Mint Investments group has finalized the acquisition of Palác Euro and Palác Astra in Wenceslas Square. Mint bought the buildings as a long-term investment on behalf of its private investors. Total transaction volume exceeded €40 million, vendor being Irish-based Avestus Capital Partners.
Mint plans to asset manage the properties very actively, leveraging its integrated real estate investment platform with a view to maximize long-term income and value of these unique assets.
Palác Euro and adjacent Palác Astra jointly offer over 6,000 sqm of leasable area. Palác Euro and Palác Astra are among very few buildings in the Wenceslas Square that offer first-class office and retail premises. Buildings are located in the lower part of the square, at the so-called Golden Cross. The micro location where Wenceslas Square meets with Na příkopě and 28 října streets is considered the most lucrative shopping destination in the Czech Republic and entire Central Europe.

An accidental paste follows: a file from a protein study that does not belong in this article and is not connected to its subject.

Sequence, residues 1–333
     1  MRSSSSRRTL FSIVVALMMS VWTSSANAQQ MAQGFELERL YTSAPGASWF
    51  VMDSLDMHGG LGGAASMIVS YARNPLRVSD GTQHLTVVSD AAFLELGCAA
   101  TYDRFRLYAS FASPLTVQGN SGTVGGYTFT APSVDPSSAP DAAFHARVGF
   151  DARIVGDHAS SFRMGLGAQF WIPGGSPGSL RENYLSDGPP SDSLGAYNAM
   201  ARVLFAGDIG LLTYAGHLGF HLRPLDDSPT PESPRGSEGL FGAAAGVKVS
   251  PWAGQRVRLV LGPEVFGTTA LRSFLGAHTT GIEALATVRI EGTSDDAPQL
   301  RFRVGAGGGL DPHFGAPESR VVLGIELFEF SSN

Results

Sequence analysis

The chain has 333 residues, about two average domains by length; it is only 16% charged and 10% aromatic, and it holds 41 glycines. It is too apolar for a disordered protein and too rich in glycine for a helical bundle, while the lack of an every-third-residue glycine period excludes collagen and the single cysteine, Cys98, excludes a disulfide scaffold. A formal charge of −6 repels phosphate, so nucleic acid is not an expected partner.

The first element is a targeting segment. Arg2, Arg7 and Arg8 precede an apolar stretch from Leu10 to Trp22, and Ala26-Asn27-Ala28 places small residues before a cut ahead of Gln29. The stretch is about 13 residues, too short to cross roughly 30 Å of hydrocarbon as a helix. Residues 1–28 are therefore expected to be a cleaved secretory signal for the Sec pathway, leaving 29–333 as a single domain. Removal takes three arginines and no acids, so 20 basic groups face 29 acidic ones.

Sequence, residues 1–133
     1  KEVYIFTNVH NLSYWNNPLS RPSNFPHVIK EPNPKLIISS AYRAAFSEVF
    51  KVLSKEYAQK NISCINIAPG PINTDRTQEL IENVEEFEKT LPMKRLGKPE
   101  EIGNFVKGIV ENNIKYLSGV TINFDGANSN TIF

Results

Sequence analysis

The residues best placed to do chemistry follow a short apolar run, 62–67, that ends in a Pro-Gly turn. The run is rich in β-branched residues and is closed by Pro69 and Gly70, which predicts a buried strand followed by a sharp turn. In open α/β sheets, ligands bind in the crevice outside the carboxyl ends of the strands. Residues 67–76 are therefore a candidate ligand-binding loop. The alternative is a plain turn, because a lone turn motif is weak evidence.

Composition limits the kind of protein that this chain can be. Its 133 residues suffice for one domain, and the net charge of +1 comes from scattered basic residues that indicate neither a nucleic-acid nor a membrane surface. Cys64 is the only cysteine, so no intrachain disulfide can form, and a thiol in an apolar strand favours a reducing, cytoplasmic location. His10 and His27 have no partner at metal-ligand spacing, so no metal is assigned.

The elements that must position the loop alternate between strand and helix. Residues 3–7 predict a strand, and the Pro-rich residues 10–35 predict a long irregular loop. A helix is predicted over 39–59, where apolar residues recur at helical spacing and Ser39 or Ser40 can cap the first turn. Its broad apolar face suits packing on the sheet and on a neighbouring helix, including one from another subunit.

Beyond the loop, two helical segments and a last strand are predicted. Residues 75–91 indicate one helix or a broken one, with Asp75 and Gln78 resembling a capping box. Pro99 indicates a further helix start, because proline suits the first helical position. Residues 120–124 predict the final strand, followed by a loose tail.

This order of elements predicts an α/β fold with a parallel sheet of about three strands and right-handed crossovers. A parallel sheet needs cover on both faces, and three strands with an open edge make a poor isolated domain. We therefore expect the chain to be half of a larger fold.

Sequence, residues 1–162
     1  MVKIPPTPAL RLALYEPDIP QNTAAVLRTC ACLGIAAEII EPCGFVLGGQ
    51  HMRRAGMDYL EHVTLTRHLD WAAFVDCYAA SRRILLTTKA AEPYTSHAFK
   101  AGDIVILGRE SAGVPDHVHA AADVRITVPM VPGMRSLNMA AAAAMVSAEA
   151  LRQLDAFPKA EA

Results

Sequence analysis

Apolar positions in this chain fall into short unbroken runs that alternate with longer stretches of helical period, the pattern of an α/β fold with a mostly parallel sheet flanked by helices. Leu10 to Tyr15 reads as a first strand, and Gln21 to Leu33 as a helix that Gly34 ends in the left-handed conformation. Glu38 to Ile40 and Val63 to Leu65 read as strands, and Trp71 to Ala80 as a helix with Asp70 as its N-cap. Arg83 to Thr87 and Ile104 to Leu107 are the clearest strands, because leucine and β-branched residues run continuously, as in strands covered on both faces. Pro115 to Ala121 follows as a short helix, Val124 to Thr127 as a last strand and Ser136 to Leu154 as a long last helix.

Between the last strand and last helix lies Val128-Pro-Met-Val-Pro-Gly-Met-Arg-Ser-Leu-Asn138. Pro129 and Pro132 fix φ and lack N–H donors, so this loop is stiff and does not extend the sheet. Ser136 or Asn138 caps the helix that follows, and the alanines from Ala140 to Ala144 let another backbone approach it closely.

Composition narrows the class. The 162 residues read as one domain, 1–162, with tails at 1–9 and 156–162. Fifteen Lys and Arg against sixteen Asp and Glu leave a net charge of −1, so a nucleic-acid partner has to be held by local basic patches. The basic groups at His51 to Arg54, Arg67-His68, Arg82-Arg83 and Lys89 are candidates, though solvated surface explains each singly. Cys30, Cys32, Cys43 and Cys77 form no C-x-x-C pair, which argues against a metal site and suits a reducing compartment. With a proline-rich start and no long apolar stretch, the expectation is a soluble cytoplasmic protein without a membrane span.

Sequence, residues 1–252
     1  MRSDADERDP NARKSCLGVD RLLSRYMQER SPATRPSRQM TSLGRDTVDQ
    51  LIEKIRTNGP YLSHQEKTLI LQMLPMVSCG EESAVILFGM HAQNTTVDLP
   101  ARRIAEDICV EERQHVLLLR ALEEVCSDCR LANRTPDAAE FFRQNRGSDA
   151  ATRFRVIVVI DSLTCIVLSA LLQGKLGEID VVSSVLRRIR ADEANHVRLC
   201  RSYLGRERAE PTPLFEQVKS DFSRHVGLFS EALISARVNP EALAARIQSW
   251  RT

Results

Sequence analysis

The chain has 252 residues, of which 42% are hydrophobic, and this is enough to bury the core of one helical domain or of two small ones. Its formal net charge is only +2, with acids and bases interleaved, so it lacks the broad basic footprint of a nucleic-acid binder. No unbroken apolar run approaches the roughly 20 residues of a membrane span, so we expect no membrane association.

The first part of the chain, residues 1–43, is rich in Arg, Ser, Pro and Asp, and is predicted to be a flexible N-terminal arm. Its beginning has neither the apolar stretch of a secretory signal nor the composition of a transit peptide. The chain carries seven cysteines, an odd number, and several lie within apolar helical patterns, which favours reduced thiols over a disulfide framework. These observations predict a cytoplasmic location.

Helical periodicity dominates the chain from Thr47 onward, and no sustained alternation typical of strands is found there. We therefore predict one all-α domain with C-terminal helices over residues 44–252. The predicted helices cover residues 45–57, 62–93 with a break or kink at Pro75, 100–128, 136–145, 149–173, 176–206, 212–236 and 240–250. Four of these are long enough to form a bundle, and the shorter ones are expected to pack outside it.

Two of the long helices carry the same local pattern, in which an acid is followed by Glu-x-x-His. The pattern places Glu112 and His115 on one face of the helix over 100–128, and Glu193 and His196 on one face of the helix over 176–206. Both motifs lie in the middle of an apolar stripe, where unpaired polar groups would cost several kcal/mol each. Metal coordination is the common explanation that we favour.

Palác Euro was built in 2002 and encloses the west side of the lower part of Wenceslas Square. The building boasts a transparent glass facade and golden tower. It offers excellent accessibility, metro entrance being right next to the reception. Immediately after completion, the Palace won several architectural awards, including the prestigious Grand Prix of Architects (new building category), honourable mention – Piranesi Prize and it advanced into the final round of 2003 European Contemporary Architecture Awards / Mies van der Rohe Award. Palác Euro was designed by Omicron – K and DaM studios.
Palác Astra, formerly known as Lindt‘s house, was the first functionalist building built in Prague between 1925 – 1927, designed by architect Ludvík Kysela for the factory owner and artificial flower trader, August Lindt. An interesting feature of the building is the combination of a progressive, functionalist concept of the building with a pseudo-rococo stucco décor of the former Café Astra on the 1st floor and Cariocca wine cellar on the 1st underground floor by Berlin’s Paul Sydow. Ludvík Kysela, when designing the building, was reportedly inspired by two chocolate bars – dark and white, which he put back to back. The building was completely and sensitively renovated in 2011.
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